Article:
A second problem is that most studies consider the relationship between IQ and adjustment in isolation and do not control for possible confounding variables that could obscure the relationship. Two kinds of confounding variables are considered in the present study: respondent bias or defensiveness in reporting adjustment problems, and overall family adjustment. In previous work Cornell and Grossberg (1986) found that controlling for respondent bias through validity scales associated with the adjustment instrument altered the pattern of results in a meaningful way. Cornell and Grossberg (1987) also found that family adjustment, as assessed by the family Cohesion scale of the Family Environment Scale (Moos & Moos, 1981), was consistently related to both parent and child measures of child adjustment.



Parents of 7- to 11-year-old children enrolled in either a public or private school gifted program were contacted by letter inviting them to participate in the study. Of 153 families contacted through the private school, 51 (33%) agreed to participate, while 32 of 93 (34%) families contacted through the public school agreed to participate in the study. The final sample consisted of 83 children.

All 83 children received individual IQ testing with either the Stanford-Binet (65 children) or the Wechsler Intelligence Scale for Children--Revised (WISC-R; 18 children). Mean IQ for the entire sample was 139.95 (SD, 11.3). There was no significant difference between children tested with the STanford-Binet and the WISC-R. The mean IQ for public school children (143.3) was significantly higher than that for the private school children (137.7), t = 2.29, p * .05. This mean IQ difference appears to be attributable to a difference in selection criteria for the gifted programs by the two schools. The policy for the public school was not to include children with IQs below 130, while the private school admitted children with IQs as low as 120, provided that there was evidence of exceptional talent or ability in some area (e.g., creative writing).

In preliminary analyses, there were no differences between public and private school children in any of the 12 adjustment measures. Simple correlations were calculated between IQ and each adjustment measure separately for public and private school children. When correlations were compared by r to z transformation, there were no significant differences between groups. For these reasons, public and private school children were combined in the data analyses to follow.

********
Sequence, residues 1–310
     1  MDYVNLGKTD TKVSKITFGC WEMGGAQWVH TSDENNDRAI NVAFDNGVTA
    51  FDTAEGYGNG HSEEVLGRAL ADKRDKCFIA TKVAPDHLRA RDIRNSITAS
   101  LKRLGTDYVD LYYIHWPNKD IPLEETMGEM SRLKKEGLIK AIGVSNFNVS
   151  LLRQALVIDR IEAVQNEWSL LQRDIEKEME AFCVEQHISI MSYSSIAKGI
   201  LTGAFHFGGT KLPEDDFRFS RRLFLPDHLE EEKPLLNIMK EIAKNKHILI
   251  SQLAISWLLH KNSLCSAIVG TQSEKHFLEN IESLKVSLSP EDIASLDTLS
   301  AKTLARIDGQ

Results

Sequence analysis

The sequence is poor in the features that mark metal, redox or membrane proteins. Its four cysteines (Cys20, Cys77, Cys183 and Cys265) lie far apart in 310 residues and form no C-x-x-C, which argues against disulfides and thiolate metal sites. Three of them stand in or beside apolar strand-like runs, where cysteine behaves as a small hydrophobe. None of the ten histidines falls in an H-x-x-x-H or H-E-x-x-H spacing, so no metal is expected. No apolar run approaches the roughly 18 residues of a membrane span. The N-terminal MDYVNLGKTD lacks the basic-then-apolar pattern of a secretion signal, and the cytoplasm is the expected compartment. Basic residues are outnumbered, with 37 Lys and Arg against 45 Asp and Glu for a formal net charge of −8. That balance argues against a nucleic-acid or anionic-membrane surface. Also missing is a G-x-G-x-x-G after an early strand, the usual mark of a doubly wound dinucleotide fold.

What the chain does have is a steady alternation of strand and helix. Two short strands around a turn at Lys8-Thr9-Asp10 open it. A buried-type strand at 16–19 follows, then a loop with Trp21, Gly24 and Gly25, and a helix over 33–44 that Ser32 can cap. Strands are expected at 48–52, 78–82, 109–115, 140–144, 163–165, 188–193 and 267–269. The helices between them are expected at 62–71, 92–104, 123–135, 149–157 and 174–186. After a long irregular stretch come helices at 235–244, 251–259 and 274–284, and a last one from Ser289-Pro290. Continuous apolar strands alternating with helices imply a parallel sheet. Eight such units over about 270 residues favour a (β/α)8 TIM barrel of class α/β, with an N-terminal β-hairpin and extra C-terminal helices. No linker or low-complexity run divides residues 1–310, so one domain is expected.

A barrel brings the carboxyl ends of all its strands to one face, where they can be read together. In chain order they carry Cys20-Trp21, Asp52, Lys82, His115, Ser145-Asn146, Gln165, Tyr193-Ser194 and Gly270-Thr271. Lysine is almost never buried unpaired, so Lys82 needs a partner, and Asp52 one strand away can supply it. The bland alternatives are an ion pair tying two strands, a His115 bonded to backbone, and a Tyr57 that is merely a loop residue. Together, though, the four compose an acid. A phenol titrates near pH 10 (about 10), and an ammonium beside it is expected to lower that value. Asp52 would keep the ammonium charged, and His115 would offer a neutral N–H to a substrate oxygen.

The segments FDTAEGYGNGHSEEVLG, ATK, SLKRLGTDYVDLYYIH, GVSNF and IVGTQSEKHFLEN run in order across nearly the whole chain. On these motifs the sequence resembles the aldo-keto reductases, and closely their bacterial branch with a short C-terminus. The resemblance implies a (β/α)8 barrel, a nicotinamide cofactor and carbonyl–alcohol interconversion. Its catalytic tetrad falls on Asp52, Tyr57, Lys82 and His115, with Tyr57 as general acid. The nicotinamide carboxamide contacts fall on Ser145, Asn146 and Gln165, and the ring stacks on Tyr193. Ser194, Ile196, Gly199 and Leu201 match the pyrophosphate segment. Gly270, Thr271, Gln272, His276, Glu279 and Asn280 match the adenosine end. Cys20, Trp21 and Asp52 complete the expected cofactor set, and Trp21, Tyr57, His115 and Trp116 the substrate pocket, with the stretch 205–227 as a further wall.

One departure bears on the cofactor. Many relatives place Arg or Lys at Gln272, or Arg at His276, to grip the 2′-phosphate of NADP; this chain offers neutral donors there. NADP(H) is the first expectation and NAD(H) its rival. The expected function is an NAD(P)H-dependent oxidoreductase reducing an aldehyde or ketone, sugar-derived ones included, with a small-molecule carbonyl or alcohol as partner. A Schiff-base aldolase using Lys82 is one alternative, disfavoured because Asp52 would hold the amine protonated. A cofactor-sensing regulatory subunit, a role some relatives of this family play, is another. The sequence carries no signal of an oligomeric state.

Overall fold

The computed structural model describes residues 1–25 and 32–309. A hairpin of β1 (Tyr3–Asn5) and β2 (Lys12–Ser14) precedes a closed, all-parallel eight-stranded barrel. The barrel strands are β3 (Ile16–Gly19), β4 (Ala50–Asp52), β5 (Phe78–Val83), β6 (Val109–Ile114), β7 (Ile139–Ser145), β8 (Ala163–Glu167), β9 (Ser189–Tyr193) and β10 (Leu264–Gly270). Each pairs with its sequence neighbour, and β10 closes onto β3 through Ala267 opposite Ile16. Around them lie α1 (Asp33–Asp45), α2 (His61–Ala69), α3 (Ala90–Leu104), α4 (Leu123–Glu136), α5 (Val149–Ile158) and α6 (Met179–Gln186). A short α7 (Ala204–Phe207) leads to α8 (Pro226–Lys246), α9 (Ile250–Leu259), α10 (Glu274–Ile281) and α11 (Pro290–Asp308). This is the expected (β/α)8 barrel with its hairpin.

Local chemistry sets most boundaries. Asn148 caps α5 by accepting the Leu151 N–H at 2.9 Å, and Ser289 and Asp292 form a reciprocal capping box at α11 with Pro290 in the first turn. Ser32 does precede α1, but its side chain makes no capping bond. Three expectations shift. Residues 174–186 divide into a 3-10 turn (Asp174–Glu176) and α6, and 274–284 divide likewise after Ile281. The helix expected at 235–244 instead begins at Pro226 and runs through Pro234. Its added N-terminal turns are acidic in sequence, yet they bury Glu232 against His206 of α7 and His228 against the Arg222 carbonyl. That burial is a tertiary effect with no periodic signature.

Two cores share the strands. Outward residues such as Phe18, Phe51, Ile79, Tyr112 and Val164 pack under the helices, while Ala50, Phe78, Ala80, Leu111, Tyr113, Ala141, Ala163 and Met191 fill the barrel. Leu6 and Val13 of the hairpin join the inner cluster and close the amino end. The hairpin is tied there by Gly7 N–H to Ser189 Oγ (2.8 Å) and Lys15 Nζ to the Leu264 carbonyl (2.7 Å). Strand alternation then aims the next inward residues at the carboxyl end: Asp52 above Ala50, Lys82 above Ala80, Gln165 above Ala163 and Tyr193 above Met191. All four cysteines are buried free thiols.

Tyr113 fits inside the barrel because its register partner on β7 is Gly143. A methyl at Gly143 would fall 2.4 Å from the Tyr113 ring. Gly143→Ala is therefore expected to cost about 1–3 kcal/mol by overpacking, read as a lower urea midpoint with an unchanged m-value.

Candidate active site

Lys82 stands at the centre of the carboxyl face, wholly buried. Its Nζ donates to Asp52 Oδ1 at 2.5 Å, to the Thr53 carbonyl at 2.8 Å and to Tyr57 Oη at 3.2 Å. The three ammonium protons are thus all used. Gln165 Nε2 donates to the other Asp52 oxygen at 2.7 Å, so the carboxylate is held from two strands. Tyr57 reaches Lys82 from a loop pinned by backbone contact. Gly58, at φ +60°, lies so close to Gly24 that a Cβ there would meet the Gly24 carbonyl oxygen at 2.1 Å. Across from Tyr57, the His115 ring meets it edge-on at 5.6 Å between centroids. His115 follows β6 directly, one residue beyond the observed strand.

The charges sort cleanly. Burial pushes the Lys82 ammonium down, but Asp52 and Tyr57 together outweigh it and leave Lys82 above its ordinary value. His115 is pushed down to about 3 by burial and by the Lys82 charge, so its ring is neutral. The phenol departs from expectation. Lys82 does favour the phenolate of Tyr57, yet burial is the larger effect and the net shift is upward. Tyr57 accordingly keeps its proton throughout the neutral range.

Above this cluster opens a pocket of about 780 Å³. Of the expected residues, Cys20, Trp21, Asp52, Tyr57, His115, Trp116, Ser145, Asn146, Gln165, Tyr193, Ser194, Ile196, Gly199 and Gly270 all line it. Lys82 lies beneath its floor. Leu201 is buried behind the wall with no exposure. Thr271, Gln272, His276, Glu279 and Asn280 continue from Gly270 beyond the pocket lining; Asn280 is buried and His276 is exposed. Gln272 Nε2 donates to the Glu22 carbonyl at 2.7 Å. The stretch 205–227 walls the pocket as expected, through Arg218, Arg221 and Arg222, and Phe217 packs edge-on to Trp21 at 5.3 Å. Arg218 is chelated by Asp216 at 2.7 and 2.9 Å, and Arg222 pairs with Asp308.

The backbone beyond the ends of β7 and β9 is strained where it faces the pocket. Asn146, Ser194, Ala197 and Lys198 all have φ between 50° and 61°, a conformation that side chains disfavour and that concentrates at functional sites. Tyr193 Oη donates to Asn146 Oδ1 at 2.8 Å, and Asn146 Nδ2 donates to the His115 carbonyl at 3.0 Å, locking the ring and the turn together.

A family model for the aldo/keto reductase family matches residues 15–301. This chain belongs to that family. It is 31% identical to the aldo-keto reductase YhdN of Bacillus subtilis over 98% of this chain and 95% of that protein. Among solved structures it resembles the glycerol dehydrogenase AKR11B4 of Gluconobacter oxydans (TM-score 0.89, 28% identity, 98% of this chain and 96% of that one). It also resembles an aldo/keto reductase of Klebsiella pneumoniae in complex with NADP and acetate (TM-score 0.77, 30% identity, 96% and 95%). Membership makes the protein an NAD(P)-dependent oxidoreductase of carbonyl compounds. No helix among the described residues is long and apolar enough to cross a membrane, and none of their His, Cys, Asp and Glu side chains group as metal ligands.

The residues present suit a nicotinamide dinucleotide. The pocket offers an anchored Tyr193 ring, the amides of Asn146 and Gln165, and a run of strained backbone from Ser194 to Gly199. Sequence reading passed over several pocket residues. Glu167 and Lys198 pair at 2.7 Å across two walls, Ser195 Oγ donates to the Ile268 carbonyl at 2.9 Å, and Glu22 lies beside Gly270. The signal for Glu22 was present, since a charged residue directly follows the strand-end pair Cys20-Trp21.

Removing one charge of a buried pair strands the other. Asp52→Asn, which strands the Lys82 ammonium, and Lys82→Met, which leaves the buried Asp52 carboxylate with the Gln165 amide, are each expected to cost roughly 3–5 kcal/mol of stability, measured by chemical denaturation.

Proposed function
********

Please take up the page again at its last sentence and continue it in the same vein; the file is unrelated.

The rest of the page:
The families were predominantly white, middle-class families residing in suburban Southeast Michigan. On the 7-point Hollingshead scale for educational attainment (Hollingshead, 1975), mothers obtained a mean score of 5.77 and fathers a mean score of 6.16. Additional demographic data and methodological information are reported elsewhere (Grossberg, 1985).

Instruments and Procedures

The Revised Personality Inventory for Children, Short Form (PIC) (WIRT, Lachar, Klinedinst, & Seat, 1977) is a 280-item true-false questionnaire completed by the child's parent. The PIC scales selected for use in this study are the Adjustment Scale, a screening measure of overall psychological adjustment, and 9 of the 12 standard clinical scales (see Table 1).

In addition to scales assessing the child's adjustment, the PIC contains three validity scales, which are designed as measures of distortion or bias. The Lie scale attempts to identify parents with a defensive response set that involves describing the child in extremely virtuous terms and denying minor, commonly occurring problems. The Defensiveness scale assesses the parent's tendency to minimize the child's problems. The F scale is constructed to identify exaggeration of problems or random responding.

The Coopersmith Self-Esteem Inventory School Form (Self-Esteem) (Coopersmith, 1981) is a 58-item like-me/unlike-me questionnaire completed by the child. It provides an overall measure of Self-Esteem as a well as a Lie scale score. The Revised Children's Manifest Anxiety Scale (Anxiety) (Reynolds & Paget, 1983) is a 37-item yes/no questionnaire also completed by the child. It provides an overall Anxiety score and a Lie scale score. The Family Environment Scale (FES) (Moos & Moos, 1981) is a 90-item true/false questionnaire completed by one or more family members. Only the Cohesion scale was selected for use in the present analyses. Cohesion is defined as "the degree of commitment, help, and support family members provide for one another" (Moos & Moos, 1981, p. 2).

Parents (primarily mothers) competed the PIC, FES, and a family background questionnaire in group meetings held at school. They were given explicit instructions on having their children complete the Self-Esteem and Anxiety measures independently at home and return them in stamped, addressed envelopes provided for them.


A series of simple correlations were calculated between IQ and each of the adjustment measures (see Table 1). Eleven of 12 correlations for the full sample of 83 children (IQ range 120-168) were in the direction of more favorable adjustment for higher IQ children, but only 3 were statistically significant.

One possibility was that there were significant negative correlations between IQ and adjustment in the higher IQ ranges which were masked by correlating across the full 120-168-IQ range. As a result, additional correlations were calculated for successively smaller IQ ranges, omitting lower IQ groups. The second set of correlations was for the 65 children falling into the 130-168 range, and the third set was for 21 children in the 145-168-IQ range. None of these correlations were significant.